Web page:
Have a look, doesn't it seem crowded?

Another way of looking at the two non-matching 8 bar variations would be to start at bar 65 in the edition, and omit the end repeat and start repeat signs at the end of bar 72 in the edition. That would give you a variation that is half one texture and half another, which is odd, but at least the number of vda variations would be the same as the number of bass variations in the manuscript, 7. However, you would have a single variation in which the texture changes from first half to second half, which is weird.

I had wondered why the copyist copied out the bass line at all, since he was short of space. On further examination I see that the 14th bar of the bass folia pattern does have a few little variations throughout the movement.

Bar 3 and bar 11, vda: the last note is a tone higher in the manuscript

Bar 35 vda. Personally, I think a bass clef is missing the the manuscript, and that the d on the second beat should be an octave lower.

Bar 33 vda: Curiously, starting in bar 38 and for the rest of the variation, the bass notes on the 2nd beats are written in the gamba grip notation.

Bar 46 basso. the rhythm is quarter, dotted quarter, eighth.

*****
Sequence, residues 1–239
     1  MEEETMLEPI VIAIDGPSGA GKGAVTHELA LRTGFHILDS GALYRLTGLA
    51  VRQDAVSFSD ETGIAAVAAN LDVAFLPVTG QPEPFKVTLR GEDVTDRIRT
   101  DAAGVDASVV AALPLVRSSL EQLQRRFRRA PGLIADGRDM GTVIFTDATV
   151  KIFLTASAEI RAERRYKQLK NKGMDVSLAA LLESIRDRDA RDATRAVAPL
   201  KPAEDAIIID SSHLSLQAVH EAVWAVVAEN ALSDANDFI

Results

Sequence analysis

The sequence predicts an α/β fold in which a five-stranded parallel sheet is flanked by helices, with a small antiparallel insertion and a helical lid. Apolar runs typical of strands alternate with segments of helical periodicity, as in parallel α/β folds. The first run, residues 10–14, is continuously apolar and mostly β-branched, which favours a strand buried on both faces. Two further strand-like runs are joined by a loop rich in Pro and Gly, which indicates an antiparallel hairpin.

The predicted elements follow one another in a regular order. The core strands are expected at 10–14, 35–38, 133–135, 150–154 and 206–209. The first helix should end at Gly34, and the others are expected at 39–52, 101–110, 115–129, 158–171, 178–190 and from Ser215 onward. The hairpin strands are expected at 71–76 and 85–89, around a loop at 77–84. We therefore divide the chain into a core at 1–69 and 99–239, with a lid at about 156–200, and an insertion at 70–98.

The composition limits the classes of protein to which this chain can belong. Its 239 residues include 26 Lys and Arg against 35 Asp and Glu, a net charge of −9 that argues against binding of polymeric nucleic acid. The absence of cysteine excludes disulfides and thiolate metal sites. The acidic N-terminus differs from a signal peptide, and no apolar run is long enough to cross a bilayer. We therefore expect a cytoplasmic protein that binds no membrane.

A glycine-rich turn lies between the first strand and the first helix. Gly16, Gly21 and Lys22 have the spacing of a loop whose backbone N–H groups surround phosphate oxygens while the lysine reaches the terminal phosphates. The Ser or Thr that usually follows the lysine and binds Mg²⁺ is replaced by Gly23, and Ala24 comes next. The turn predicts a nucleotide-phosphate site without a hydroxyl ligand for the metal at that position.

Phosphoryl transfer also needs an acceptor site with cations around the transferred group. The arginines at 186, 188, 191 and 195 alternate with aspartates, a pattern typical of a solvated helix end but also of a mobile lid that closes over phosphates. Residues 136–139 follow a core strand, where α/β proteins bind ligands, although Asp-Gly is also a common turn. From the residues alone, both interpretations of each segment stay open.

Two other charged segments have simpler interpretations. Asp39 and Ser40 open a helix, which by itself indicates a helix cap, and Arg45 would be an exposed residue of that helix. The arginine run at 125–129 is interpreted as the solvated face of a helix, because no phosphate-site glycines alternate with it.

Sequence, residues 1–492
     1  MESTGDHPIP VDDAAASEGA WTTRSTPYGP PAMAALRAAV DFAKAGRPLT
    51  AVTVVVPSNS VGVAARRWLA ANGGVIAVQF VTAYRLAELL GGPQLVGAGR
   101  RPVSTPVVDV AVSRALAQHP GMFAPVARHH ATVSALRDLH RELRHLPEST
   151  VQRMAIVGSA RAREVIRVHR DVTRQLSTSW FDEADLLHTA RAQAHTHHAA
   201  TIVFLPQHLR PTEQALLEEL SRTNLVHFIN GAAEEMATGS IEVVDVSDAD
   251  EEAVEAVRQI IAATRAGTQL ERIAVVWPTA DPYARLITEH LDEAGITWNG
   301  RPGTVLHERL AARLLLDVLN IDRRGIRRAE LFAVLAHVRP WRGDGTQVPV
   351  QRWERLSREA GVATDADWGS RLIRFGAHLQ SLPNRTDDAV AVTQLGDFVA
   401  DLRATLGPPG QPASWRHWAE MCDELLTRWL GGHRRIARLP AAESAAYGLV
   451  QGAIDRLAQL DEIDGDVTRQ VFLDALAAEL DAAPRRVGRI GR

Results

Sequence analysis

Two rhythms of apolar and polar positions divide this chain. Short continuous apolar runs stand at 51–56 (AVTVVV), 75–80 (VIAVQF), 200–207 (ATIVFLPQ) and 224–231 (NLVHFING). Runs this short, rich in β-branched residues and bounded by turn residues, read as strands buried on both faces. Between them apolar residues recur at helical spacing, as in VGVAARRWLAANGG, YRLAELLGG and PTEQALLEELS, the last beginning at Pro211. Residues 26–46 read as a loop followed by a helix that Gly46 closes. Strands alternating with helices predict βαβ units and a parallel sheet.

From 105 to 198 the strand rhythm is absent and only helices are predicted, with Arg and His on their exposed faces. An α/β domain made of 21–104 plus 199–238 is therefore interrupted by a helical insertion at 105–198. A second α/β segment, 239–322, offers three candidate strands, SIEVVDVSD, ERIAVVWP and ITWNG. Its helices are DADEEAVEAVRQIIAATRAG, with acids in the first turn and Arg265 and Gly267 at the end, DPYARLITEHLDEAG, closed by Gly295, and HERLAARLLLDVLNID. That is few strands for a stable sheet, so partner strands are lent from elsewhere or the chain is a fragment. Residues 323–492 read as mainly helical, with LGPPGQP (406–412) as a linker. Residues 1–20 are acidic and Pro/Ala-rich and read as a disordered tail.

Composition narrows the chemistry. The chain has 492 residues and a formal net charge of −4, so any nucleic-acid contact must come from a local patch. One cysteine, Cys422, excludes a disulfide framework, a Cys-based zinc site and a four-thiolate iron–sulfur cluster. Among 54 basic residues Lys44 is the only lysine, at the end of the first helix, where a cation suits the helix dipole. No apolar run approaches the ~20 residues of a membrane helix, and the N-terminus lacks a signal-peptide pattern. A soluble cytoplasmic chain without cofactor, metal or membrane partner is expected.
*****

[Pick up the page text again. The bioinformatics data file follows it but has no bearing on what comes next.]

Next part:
Bar 47 vda scordatura part the second note is an "e"" in the top space, which is to say, an open top string.

Bar 62 basso here the ryhthm is dotted quarter, eighth, quarter.

Bar 65 vda Please note that in the manuscript there are no ties from beat 1 to beat 3.

Bar 78 basso Because of the confusion about the number of variations that are supposed to be in the movement, I cannot be sure which basso version of this bar is the right one.

Bar 81. Gamba grip notation is back for the first 8 bars of this variation.

Bar 94 basso In the manuscript there is no version of this bar in the bass which has a c natural on the third beat. I suggest playing c# on the third beat in both the basso and vda parts.

Bar 95 The player can play the chord without the f’ by fingering it 0 2 3. The advantage of this fingering in my opinion is it leads easier to the next chord

Bar 110 and 126 Basso. In the manuscript the last two appearences of the 14th bar of the folia bass have the rhythm dotted quarter, eighth, quarter.

Bar 111 vda in the manuscript the last note might be read as g'.

Bar 115 vda I suggest c#

Bar 117 and 125 vda: I suggest B natural for beat 3.

Final bar vda:

Please notice that in this manuscript the final bar of the viola d’amore part as you can see above is missing completely! This is because after it was copied, the manuscript was trimmed, bound, and gilded, consequently notes too near the edge of the page were cut. The edition gives a single modest d’ as a final note. The player could however, chose to play a big chord on some or all of the open strings.


When I have performed this Folia, we have played only the first two, and the final variation. In between the individual performers have invented their own variations. Here is a recent performance.